Actor and gay activist Doug Spearman, the handsome openly gay co-star of Noah's Arc and the newish film Noah's Arc Jumping the Broom, writes an excellent essay for the Human Rights Campaign's HRC Backstory blog. Spearman argues that despite the rainbow flag of the gay community, racism in the community is "worse now than it was when I came out in l980."
People tend to believe that racism, on all sides of the color lines, is something that stops at the gates of the LGBT community. As though at the entrance to the various Boys Towns around the country you were required to check your ideas about Blacks, Asians, Jews, Arabs, etc. the way cowboys were required to turn over their guns when they walked into a salon in the Old West. It just doesn’t happen that way. In fact, I think it’s worse now than it was when I came out in l980. Back then the bars felt a lot more friendly, prejudice was a dirty word, and the kids of the l960’s and early 70’s—those that had created the gay movement—were still on the dance floors of America elbow to elbow with the people who’d marched in Vietnam protests and Black Power parades, and had been active participants in the original Civil Rights Movement. Those were the grownups who were standing at the bar when I got there. They welcomed me. But they’re gone. That spirit seems to have evaporated.
Race and race relations are a thick thread in the fabric of our country. It was a factor in the last presidential election, and for a while it was the cause of a lot of finger pointing after the Proposition 8 decision here in California. In the early days after the election, a lot of gay activists blamed black voters for not showing support for their plight for marriage equality. First they got the numbers wrong. Black voters, especially in Los Angeles, were not the tipping point. Second, they failed to understand what the issues of civil rights and equality mean to black people in this country. They— meaning well-intentioned gay activists—assumed that since theirs was an issue of equality and civil rights, that they’d have natural allies among a people who’d spent centuries being discriminated against. It’s a valid hope. But then again, when did a group of gay activist ever show up to make sure that black and Latino/a neighborhoods had decent schools or safe streets, or march for union job protection?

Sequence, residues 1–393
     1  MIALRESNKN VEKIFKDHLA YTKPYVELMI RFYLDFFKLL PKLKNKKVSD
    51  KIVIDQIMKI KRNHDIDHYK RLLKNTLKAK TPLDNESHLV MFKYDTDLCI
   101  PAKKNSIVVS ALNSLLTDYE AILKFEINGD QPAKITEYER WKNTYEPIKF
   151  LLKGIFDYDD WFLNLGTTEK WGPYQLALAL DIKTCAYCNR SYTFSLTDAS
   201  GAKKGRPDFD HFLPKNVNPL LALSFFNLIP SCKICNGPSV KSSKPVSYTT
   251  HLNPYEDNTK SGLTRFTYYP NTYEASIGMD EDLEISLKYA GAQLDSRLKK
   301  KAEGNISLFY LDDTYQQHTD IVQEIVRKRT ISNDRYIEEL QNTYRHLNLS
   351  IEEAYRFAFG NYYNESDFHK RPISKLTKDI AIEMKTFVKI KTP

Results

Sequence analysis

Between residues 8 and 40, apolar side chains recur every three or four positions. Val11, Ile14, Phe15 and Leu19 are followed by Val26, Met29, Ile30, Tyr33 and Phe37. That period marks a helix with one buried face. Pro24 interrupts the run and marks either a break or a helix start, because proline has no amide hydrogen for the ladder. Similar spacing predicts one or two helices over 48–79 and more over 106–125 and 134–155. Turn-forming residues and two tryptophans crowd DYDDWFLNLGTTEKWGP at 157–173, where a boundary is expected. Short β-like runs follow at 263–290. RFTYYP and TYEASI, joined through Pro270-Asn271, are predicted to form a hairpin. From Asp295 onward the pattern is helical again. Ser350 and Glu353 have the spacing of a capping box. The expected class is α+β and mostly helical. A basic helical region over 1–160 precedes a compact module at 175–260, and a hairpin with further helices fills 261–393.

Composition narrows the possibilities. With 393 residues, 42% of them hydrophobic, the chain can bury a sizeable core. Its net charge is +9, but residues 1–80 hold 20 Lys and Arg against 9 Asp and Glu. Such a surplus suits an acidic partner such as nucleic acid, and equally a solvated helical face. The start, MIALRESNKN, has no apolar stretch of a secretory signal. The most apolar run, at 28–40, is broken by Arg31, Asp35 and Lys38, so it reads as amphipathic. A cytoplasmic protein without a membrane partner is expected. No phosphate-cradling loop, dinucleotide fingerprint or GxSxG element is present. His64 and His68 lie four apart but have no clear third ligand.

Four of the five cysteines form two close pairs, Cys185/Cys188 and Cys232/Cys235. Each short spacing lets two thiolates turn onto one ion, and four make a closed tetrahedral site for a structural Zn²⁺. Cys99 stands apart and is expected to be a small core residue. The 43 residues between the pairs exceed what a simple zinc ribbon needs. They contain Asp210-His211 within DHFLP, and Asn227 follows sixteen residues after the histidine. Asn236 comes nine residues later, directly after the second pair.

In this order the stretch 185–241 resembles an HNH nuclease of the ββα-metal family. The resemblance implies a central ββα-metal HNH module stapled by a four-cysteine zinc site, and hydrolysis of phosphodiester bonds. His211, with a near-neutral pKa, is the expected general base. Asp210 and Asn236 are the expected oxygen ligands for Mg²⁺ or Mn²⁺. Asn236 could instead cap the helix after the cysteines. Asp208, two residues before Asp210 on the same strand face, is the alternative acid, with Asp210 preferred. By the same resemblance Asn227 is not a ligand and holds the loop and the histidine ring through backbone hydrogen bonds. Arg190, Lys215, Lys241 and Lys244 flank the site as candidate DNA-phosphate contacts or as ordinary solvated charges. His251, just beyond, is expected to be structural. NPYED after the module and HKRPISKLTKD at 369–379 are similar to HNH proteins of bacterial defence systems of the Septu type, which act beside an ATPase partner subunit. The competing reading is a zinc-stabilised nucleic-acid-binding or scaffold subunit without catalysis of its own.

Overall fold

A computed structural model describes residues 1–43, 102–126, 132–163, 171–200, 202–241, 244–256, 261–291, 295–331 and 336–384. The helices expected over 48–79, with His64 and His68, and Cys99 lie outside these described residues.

Spearman adds: "It’s a different world for white Americans than it is for black, brown, and yellow Americans. Especially if you have education, income, and available resources. And we’re finally beginning to openly talk about the differences."
Spearman, who is on the board of Equality California and played a married gay man on Noah's Arc, was one of the most prominent black gay activists fighting Proposition 8 last fall. He taped a PSA against the ballot initiative and headlined a news conference featuring several pro-gay and pro-marriage equality black pastors. Props to Doug Spearman for pushing back against the "blame the blacks" meme that resulted after Prop 8, when national black leaders such as the NAACP's Benjamin Jealous have ... well, what are they saying about it?
Did You Read? ...
"Noah's Arc" Doug Spearman's PSA Against Prop 8 [R20]
Doug Spearman in "The Advocate"[R20]
"Noah's Arc" Cast Urges "No" on Proposition 8 [R20]
"Noah's Arc" Actor Doug Spearman, Black Ministers Urge "NO" on Prop 8 [R20]
SCLC Leader Criticizes Anti-Gay, Black Pastors [R20]
Darryl Stephens Talks Coming Out to "Instinct" [R20]
Rodney Chester of "Noah's Arc": I'm Still Not Gay! [R20]
Behind the Scenes Video from Noah's Arc: Jumping the Broom [R20]
Noah's Arc Has Sailed [R20]
Deal or No Deal? [R20]
Rodney Chester: I'm STILL NOT Gay!" [R20]
Beyond the Sassy Sidekicks? [After Elton]
What Does the Future Hold for Noah's Arc? [After Elton]
TV's Most Influential Gay Sex Scenes [After Elton]